“The first thing to keep in mind is that these policy debates are really moral debates. It’s about how to secure the well being of the body, freedom of thought, freedom of conscience,” Michael Kessler, Associate Director of the Berkley Center for Religion, Peace, and World Affairs, on the religious and ethical considerations of the government’s electronic surveillance efforts.
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    Source: PBS

  • What Lululemon Needs From Its Next CEO
    June 11, 2013
    “Day’s skill set was expansion. Now that expansion has occurred, the new CEO will focus on cleaning up product quality issues and articulating to shareholders a strategy for improving and increasing product offerings,” Jason Schloetzer, assistant professor at the McDonough School of Business, on the likely role of Lululemon’s next CEO.
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    Source: Forbes

  • Apple and Ad Partner Chiat Eye New Campaign to Lift Brand
    June 11, 2013
    “Successful companies sometimes wander away from their core message over the years. For Apple, that has always been the ease and simplicity of the overall experience. They would do well to go back to their basics,” Prashant Malaviya, associate professor at the McDonough School of Business, on Apple’s newest advertising campaign.
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    Source: Bloomberg

  • Facebook, Google CEOs weigh in on NSA controversy
    June 7, 2013
    "These requests come with a gag order that doesn't allow anyone within the firm to tell anyone outside the firm or anyone else within the firm," Jason Schloetzer, assistant professor at the McDonough School of Business, on allegations that Facebook and Google executives have provided the NSA and FBI with direct access to their information.
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  • Governance is Key for Chinese IPO Success in U.S., Experts Say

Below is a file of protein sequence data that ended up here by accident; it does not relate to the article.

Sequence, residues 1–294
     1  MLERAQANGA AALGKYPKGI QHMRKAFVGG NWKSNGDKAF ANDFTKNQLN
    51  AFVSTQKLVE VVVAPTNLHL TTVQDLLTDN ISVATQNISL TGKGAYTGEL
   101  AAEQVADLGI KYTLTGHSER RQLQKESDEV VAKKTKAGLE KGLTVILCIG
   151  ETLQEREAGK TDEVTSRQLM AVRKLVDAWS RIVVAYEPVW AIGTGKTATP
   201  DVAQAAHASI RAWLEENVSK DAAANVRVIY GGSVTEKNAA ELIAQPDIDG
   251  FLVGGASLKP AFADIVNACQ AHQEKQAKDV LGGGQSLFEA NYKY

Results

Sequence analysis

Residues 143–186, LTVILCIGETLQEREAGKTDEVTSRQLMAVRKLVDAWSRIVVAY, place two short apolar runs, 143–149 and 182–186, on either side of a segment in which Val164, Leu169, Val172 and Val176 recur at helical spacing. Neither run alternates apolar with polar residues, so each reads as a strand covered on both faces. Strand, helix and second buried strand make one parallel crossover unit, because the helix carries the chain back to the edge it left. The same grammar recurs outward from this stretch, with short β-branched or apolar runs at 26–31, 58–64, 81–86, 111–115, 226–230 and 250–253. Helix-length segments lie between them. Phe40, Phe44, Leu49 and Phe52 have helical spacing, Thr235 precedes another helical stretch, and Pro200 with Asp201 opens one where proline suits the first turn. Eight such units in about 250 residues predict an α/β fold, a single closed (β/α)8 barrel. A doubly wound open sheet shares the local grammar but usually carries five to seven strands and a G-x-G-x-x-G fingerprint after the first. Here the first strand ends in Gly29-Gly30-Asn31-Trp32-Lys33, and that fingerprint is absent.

June 5, 2013
    “Especially for Chinese companies, they need to prove they do have strong governance and are willing to adopt higher governance requirements in the U.S. That can be quite satisfying for large institutional investors,” Reena Aggarwal, professor in the McDonough School of Business, on whether Chinese companies will have success breaking into US capital markets.
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    Source: The Wall Street Journal

  • Moms are top earners in 4 out of 10 households – and they could use more help
    May 29, 2013
    “What is concerning is that this rise in women breadwinners has not been matched with an increase in access to childcare at work or childcare benefits. Less than 10% of workplaces in the U.S. offer childcare onsite or subsidize childcare." Adriana Kugler, professor of public policy, on the need for more family-friendly policies in the workplace.
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    Source: NBC Latino

  • The political fallout of natural disasters
    May 26, 2013
    “Multiple studies indicate that when incumbents act in voters’ interests in the wake of a disaster, they are rewarded with increased support. After disasters, people rise to the occasion, and so do voters,” Dan Hopkins, professor of government, writes in The Washington Post Wonkblog.
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    Source: The Washington Post

  • Here’s the economic advice Congress is getting on immigration
    May 10, 2013
    “We know that as a result of the legalization and eventual citizenship after 13 years, there would be a 25 percent gain in earnings and in income that would increase, of course, the tax revenues that we would be obtaining from this population. So legalization in itself is something that we would contribute to solve some of our fiscal issues," Adriana Kugler, professor of public policy, in her testimony to the U.S. Congress Joint Economic Committee on the economics of immigration, cited by the Washington Post.
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    Source: The Washington Post